In 1964, Alaska was struck by a 9.2-magnitude earthquake that lasted 5 ½ minutes. More than 130 people were killed. The massive quake triggered tsunamis in coastal communities, including my hometown of Valdez. More than 30 of my friends and neighbors were killed that Good Friday afternoon. I was 12 and I remember everything as though it happened yesterday. Today, Alaska has been struck by an earthquake of a different kind. While most Americans are celebrating bargains at the fuel pump, low oil prices mean hard times in Alaska. In the past two years, Alaska’s oil revenue – our state’s lifeblood – has plummeted by 88 percent.
Alaska is now facing a $3.8 billion deficit this year – in part because of low oil prices but also restrictions that have been placed on the state. When Alaska became a state in 1959, we were granted 3 million acres of federal land. Along with this land from the federal government came a prohibition from selling the oil or gas in the ground. We were limited to living off the royalty associated with the extraction of those resources, which is 12.5 percent. When the Arctic National Wildlife Refuge (ANWR) was established, Congress specifically designated an area of the coastal plain—the 1002 area—for oil exploration. It holds up to 16 billion barrels of oil, is located just miles from our existing pipeline and the portion we need access to makes up just 4 percent of ANWR. But Alaska is restricted from exploring for oil there.
The good news is we have options. And we have a plan. When oil started flowing through the trans-Alaska pipeline, my predecessors recognized that oil wouldn’t sustain us forever. They created the Alaska Permanent Fund as a means to turn a temporary oil boon into a permanent income generator. The fund was established in 1976 and designed to be an investment where at least 25 percent of oil money is dedicated for future generations. The fund is invested, and the earnings are then distributed to qualified residents as dividends. We’ve now reached a crossover point where our savings earn more income than our oil.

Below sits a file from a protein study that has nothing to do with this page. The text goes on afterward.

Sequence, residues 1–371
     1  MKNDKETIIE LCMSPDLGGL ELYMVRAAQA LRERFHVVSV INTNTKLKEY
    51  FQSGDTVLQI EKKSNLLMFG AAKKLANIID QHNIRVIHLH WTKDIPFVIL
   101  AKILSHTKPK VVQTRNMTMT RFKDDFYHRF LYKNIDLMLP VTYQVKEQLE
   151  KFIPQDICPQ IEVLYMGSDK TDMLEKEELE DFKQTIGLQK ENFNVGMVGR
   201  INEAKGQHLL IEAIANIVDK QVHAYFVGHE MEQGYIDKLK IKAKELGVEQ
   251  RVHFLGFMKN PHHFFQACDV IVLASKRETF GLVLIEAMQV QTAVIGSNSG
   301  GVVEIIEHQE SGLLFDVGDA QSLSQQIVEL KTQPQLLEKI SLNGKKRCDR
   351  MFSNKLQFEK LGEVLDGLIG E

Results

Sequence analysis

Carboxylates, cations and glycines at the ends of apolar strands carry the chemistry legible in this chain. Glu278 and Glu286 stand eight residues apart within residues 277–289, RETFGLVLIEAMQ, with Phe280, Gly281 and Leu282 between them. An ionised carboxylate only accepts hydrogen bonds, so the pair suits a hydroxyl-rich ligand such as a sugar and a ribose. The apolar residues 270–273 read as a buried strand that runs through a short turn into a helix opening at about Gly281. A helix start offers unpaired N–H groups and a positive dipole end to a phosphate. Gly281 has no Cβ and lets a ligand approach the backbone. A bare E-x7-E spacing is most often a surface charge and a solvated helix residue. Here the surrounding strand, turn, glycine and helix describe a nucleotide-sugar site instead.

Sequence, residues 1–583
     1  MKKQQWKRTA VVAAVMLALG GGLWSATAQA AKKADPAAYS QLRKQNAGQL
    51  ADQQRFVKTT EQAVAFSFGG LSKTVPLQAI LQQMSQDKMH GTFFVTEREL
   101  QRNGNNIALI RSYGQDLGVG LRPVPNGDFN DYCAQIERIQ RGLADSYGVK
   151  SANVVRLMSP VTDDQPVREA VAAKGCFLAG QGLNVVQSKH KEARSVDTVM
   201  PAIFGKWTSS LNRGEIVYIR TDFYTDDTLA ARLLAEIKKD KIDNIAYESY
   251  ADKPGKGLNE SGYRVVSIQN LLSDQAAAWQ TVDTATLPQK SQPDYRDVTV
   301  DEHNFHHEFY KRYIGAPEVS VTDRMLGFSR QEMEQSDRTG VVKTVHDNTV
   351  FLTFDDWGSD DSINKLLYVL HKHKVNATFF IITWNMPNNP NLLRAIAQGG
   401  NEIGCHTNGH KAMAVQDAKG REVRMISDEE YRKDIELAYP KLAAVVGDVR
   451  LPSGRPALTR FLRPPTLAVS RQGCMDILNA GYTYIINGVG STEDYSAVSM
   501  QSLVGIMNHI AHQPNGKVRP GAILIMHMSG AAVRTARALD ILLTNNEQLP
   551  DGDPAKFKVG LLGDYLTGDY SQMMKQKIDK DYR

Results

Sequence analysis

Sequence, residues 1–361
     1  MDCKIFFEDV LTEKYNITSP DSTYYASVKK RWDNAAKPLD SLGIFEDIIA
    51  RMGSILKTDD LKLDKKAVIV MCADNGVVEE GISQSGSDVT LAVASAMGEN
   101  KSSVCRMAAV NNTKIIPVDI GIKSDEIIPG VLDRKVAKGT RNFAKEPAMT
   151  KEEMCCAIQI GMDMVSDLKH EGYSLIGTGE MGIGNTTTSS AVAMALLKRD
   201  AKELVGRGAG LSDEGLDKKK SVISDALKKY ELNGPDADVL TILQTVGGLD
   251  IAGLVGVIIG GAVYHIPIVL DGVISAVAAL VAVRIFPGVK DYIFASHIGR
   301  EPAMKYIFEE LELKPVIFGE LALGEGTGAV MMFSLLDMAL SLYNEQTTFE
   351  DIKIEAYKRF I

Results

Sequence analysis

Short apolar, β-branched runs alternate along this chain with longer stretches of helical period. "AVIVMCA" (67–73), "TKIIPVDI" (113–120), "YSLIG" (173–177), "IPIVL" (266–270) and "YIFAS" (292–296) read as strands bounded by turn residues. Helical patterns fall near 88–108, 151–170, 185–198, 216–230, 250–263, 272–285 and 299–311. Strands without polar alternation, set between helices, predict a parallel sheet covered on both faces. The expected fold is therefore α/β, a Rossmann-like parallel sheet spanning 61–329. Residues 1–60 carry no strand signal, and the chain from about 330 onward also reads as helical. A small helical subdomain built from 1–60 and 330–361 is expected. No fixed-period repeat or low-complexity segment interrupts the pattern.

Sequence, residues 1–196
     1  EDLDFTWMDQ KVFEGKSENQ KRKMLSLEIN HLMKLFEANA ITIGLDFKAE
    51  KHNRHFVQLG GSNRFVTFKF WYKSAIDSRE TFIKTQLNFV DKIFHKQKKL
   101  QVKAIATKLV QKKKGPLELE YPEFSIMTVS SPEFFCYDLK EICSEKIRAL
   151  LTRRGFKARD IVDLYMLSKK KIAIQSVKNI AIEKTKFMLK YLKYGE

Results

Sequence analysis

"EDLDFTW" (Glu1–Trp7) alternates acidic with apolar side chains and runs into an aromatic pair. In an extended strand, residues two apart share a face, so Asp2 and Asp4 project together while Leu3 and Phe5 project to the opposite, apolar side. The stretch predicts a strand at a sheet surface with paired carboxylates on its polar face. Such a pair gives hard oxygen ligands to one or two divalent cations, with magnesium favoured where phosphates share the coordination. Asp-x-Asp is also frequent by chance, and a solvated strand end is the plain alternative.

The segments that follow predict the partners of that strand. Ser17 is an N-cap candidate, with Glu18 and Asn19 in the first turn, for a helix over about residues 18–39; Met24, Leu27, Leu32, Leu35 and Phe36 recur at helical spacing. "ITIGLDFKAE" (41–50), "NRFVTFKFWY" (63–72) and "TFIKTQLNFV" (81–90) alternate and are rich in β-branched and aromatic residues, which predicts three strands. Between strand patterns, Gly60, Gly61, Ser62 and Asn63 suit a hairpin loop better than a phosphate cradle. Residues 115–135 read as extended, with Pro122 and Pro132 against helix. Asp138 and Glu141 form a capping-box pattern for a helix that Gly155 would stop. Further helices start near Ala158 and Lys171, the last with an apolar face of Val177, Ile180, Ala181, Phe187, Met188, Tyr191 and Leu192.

I’ve proposed a plan to put Alaska on a sustainable path through further spending cuts, modest tax increases, and use of a fixed portion of our permanent fund earnings to support public services — like educating our children, plowing our roads and safeguarding our communities. This plan will get us off the boom-and-bust cycle that tends to plague oil-dependent economies. It puts government on an allowance. It enables us to continue to grow our savings. It allows us to pay for essential services like education and public safety, and to invest in our economy. None of the pieces of my proposal are politically popular. That’s OK. As I told my fellow Alaskans in my recent State of the State speech, I did not run for governor to keep the job, I ran for governor to do the job. As governor, I will always put Alaskans’ interests above my own.
I’ve also told Alaskans my plan is written in pencil, not pen. It is currently before the state legislature. I am optimistic that legislators will gavel out of this legislative session in April with a plan that puts Alaska on a sustainable path forward. The only truly unacceptable course is to do nothing. Commentary by Alaska Governor Bill Walker. Follow him on Twitter@AkGovBillWalker. For the latest commentary on markets in the U.S. and around the world, follow @CNBCopinion on Twitter.